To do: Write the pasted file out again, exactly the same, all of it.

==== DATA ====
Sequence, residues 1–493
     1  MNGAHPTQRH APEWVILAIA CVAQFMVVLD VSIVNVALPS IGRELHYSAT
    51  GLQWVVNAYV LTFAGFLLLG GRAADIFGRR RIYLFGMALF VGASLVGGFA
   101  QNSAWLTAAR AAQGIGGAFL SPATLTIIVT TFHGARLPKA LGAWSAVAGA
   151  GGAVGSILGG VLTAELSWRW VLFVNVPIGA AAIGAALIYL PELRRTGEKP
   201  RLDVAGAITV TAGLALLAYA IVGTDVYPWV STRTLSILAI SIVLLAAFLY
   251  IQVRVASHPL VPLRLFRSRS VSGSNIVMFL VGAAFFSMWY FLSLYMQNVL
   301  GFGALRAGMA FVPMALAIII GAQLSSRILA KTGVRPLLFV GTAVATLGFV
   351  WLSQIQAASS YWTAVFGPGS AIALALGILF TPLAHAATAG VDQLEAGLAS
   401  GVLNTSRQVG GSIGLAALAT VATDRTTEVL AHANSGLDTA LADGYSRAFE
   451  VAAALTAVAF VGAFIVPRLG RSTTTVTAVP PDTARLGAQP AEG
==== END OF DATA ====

Sequence, residues 1–493
     1  MNGAHPTQRH APEWVILAIA CVAQFMVVLD VSIVNVALPS IGRELHYSAT
    51  GLQWVVNAYV LTFAGFLLLG GRAADIFGRR RIYLFGMALF VGASLVGGFA
   101  QNSAWLTAAR AAQGIGGAFL SPATLTIIVT TFHGARLPKA LGAWSAVAGA
   151  GGAVGSILGG VLTAELSWRW VLFVNVPIGA AAIGAALIYL PELRRTGEKP
   201  RLDVAGAITV TAGLALLAYA IVGTDVYPWV STRTLSILAI SIVLLAAFLY
   251  IQVRVASHPL VPLRLFRSRS VSGSNIVMFL VGAAFFSMWY FLSLYMQNVL
   301  GFGALRAGMA FVPMALAIII GAQLSSRILA KTGVRPLLFV GTAVATLGFV
   351  WLSQIQAASS YWTAVFGPGS AIALALGILF TPLAHAATAG VDQLEAGLAS
   401  GVLNTSRQVG GSIGLAALAT VATDRTTEVL AHANSGLDTA LADGYSRAFE
   451  VAAALTAVAF VGAFIVPRLG RSTTTVTAVP PDTARLGAQP AEG